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"Bad Milk and Flat Tires" By John Kahre

I spent many summer weeks on my Aunt and Uncle’s farm.  Fresh milk was delivered to the refrigerator, in the kitchen, on a regular schedule.  This was easily done as the farmhouse was never locked.  Money was left in the empty jar to pay for the delivery.  Fresh milk is different than milk bought in the store. The milk separated because it wasn’t homogenized, leaving a thick cream lying on top of the milk.

In the fall of the year, the milk would sometimes taste a little “off”.  The reason that was given for this was that the cows had eaten hedge apples.  Hedge apples are the fruit of a tree with a couple of common names; Osage orange, Hedge Apple Trees, and Bois D Arc. The botanical name is Maclura pomifera.

 These trees have been cursed by many, including my Uncle and my Dad, because they are so prolific that they encroach on pastures, sometimes taking over large areas of land.  Controlling these usually include mowing them with large brush hogs.  Unfortunately, mowing these young trees almost always resulted in flat tires since these trees have remarkably stout thorns.

I believe the Kahre family seal has a picture of a Kahre crushing these plants underfoot.  Indeed any Kahre, worth their weight in anything, will curse the ground that brings forth these “spawn of Satan”. Unfortunately, I am a bit of a turncoat to the cause.  I can find many reasons to celebrate these plants.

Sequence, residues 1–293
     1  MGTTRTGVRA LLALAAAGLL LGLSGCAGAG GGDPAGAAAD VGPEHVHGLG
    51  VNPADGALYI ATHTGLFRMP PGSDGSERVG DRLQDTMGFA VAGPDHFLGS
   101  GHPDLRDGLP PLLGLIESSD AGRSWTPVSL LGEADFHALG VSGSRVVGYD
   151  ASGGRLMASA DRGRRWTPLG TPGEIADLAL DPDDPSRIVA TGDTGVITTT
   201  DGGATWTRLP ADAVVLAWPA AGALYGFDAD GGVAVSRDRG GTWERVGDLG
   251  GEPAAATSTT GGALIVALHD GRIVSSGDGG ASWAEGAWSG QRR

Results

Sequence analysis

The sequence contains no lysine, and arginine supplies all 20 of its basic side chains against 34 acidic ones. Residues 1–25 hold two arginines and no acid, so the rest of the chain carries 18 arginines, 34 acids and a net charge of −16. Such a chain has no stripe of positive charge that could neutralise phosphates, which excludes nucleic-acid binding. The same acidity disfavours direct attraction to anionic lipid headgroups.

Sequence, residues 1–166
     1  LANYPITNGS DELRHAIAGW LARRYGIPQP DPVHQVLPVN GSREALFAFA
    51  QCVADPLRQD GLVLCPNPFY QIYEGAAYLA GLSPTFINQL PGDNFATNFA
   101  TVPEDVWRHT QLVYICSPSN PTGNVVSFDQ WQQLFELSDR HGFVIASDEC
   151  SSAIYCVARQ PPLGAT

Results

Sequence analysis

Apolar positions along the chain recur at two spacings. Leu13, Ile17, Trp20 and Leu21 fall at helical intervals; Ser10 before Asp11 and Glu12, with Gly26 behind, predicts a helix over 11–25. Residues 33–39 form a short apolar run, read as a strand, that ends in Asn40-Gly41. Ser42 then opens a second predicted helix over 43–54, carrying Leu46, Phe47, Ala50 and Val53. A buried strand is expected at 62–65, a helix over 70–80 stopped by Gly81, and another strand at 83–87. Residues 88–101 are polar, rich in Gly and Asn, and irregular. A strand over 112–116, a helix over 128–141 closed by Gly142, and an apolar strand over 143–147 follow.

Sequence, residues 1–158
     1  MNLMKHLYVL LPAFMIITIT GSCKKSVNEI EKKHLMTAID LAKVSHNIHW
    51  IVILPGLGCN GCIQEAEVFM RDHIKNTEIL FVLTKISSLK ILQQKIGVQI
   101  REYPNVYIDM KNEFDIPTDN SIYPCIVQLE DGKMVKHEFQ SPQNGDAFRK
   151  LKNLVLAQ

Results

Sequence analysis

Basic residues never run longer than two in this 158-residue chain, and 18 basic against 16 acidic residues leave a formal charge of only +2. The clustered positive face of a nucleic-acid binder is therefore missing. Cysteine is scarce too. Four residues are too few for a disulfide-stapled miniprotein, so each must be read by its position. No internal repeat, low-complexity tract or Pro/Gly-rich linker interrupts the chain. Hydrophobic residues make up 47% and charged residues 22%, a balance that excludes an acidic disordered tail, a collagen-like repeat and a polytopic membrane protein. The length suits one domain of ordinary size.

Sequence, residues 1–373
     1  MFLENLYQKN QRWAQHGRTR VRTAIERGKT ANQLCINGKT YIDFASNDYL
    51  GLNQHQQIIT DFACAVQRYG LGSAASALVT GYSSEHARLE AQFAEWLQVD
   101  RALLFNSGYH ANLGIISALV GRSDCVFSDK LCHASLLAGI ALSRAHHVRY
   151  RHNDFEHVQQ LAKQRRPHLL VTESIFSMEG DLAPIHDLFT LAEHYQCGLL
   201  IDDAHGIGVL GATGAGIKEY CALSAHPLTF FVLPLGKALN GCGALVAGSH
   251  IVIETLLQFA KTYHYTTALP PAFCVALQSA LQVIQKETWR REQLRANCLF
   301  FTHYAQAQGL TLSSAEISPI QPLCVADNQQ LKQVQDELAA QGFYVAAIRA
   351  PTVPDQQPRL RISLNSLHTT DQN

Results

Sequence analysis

Native Americans used the amazingly tough wood from these trees to make their bows. Early settlers cut up the fruit and planted them along their property line.  The trees grew so dense and thorny that no domestic animal would venture through them.  Many of those hedge rows still exist today.  The wood is so rot resistant that they can be used for fence post that will last for decades.

The tree itself has many great attributes.  The tree has few, if any, pest problems.  It grows in a great range of soils and climates.  The thorns have also been overcome by genetics which has given way to a thorn less variety.  This tree may be hard to find in most nurseries, but one to definitely consider, in order to add to the diversity of our Tulsa Urban Forest.